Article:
I'm flipping out! I haven't had my iTunes open since last Tuesday, so there is no way that I would have known (even subliminally) that this was next. Weird!
1.) I hung out with some pretty bad kids in my neighborhood growing up and I think I'm the only one of them that has never been to juvie. :)
2.) I have always thought my wife was out of my league. When we first started dating, I lost 60 lbs to try and get into her league. I guess it worked... she married me. The weight had nothing to do with it though, I've since gained most of it back and she still loves me. :)
3.) I saw a ghost when I was about 13 and it scared the shit out of me. I haven't seen one since, but the whole phenomenon fascinates me still to this day... What was that?...
4.) In high school people thought I was "popular", but I really wasn't. I was just nice to everybody (nerds, jocks, stoners, head bangers, preps, losers, everybody) and feel that this is why I got all of that attention my junior and senior years. I was elected onto the homecoming court, prom court, and given various superlative awards. I always felt out of place getting my name called with all the other "popular" kids at the big events. I thought it was cool that they were all nice to me. Maybe they didn't feel popular either??? Anyway, I will always feel like a chubby nerd on the inside. :)
5.) I was an extremely ugly baby and nobody liked me. My body was covered with rashes and I was completely bald for the first 2 years of my life. I didn't walk until after I was 2 because I was so overweight. People still call me Charlie Brown because of this "era" in my life. :) My mom says that she couldn't get anybody to babysit me either because I was such a mama's boy that I screamed uncontrollably if I didn't see her in my line of sight. MOMMY!!!??? :)
Friday, January 19, 2007
So here is the latest link dump for all of my online photo albums:
How in the world do the computer gods expect us to keep up with all of these competing sites?
Well, I'm here at CodeMash and I'm loving it. There are some really cool sessions. I went to one yesterday by Owen Taylor where he described Jini and the whole "grid computing" realm. It was very interesting and he had some cool demo that showed how it all works. Today I went to Scott Gutrhie's keynote on LINQ. I didn't realize how cool linq was until I saw him getting crazy with it. He described how we are all single thread programmers by nature and that this is a problem as we move more and more away from Moore's Law. In the future, we will be dealing with more and more multi-core machines.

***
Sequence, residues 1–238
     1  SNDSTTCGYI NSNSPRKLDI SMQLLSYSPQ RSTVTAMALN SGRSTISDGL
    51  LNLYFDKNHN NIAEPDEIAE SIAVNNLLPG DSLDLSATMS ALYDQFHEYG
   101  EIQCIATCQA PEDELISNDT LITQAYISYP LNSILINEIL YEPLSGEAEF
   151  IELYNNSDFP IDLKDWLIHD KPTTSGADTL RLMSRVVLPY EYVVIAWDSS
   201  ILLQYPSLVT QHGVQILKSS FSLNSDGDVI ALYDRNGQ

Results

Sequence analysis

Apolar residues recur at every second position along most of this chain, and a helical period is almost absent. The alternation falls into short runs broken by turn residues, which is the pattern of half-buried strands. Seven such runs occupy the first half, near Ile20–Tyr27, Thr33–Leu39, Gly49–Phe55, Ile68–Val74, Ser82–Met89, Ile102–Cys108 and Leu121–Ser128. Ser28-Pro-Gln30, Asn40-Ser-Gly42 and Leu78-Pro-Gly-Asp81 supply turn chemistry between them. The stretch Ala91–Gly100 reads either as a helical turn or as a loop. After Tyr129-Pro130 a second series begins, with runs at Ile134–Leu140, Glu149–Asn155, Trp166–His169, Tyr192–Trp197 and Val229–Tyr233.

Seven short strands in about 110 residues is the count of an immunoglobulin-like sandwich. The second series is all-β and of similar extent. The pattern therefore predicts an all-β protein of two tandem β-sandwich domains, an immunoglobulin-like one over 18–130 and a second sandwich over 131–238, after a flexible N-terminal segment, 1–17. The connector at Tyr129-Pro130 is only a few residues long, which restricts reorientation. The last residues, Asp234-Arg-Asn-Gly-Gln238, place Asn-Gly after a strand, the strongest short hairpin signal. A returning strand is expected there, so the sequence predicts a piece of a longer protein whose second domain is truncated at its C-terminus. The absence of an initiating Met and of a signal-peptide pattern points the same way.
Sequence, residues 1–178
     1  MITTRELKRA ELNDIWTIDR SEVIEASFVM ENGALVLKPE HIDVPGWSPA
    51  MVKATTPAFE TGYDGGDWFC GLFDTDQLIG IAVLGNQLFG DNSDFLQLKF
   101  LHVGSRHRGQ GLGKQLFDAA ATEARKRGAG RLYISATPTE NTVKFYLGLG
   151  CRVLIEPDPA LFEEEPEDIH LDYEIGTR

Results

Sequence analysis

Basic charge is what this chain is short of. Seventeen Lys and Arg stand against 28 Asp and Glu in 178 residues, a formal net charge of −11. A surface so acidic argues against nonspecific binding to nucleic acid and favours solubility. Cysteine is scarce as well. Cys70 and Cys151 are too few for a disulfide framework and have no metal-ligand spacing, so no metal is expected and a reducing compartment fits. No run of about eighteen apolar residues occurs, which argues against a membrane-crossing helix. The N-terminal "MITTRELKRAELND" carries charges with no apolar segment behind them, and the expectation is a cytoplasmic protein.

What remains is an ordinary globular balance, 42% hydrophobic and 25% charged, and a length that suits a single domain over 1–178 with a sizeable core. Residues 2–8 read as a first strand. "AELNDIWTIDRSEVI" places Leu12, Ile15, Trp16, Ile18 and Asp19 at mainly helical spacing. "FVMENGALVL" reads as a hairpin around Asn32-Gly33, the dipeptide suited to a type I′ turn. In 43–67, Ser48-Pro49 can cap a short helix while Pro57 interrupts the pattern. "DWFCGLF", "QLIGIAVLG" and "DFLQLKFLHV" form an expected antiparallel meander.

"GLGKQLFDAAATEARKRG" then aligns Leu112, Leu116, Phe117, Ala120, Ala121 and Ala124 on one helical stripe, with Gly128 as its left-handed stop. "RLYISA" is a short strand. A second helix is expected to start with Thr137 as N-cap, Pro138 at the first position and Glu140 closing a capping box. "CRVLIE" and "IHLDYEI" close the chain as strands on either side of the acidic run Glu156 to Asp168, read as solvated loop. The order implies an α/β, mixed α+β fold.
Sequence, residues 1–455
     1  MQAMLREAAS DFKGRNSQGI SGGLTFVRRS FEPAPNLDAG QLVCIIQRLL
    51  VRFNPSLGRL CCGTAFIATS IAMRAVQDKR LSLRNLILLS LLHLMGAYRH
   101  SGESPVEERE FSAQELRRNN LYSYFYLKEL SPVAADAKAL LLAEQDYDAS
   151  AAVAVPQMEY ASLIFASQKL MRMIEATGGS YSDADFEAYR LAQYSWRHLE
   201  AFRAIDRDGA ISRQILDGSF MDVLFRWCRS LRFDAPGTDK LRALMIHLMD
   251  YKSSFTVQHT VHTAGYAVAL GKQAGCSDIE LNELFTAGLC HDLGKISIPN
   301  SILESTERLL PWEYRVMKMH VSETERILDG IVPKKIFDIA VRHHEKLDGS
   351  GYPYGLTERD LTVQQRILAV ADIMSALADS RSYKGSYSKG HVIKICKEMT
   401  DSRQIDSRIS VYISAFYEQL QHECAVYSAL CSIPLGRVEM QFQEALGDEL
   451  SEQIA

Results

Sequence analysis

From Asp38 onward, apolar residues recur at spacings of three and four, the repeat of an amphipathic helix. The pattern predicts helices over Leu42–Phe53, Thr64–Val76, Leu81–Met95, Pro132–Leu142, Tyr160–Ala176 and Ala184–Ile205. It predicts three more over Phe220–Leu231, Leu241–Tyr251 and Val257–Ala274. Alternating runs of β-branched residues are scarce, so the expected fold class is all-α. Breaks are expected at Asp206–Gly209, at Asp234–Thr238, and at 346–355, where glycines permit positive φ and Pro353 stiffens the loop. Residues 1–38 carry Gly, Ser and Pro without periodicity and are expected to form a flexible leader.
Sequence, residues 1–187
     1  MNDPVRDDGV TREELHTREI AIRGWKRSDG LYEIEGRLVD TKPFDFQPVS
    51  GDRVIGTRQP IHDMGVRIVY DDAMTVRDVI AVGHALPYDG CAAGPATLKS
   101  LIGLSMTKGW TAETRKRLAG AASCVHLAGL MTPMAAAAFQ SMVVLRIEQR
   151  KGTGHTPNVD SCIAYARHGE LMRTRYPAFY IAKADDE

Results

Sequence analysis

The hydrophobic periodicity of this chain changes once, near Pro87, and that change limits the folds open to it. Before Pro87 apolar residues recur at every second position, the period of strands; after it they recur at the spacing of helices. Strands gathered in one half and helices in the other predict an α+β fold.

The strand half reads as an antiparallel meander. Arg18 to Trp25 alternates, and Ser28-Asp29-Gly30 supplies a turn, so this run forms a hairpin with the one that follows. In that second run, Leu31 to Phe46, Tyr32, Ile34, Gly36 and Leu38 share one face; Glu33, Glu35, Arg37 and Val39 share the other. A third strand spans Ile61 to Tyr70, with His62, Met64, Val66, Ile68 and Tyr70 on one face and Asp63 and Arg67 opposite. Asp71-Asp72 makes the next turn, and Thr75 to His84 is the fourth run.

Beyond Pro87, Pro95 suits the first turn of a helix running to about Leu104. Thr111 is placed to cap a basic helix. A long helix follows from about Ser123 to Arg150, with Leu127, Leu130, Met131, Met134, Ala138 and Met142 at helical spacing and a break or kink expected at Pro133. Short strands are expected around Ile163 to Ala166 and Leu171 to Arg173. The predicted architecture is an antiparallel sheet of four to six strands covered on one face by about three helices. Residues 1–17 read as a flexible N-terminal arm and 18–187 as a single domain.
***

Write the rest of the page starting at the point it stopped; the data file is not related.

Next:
Here is a problem area:
List<customer> customers = GetCustomers();
foreach(Customer cust in customers)
if(cust.Salary <= 40000)
With LINQ, all of the complexities are handled for us... No 'GetCustomers()' method to extract the values from a database or or XML file (or whetever). There is also no need to do the dreaded "for loop" with all the all the "if this, then that" crap. The complexities and tediousness is gone. Here is the new approach:
// syntax might be wrong, but...
var customers = from c in customers
where salary >= 40000 select c;
The beauty of this is that everything is handled "under the covers" for us. For example, if you have a quad core processor, each core will be able to contribute to the results of the query, not just a single thread. Pretty cool! There is more to it than this, but this is the one thing that stuck out for me. :)
See also: Generic Query Operators for .NET 2.0
Wednesday, January 10, 2007
Lizzie filmed Jazzy being crazy one night on accident. She didn't realize that it was in 'camera' mode and the result was great... see for yourself. :) Jazzy is a clown by nature and this video says it all.
I figured this is a good first post of my video collection. I still have a slew of stuff I need to put on my pc from our camcorder. Maybe this post will motivate me. :)
When the girls wake up tomorrow, they will be pretty excited. They got new snow boots that they haven't been able to wear yet. Looks like I'll have to go searching for those sleds in the attic tomorrow too.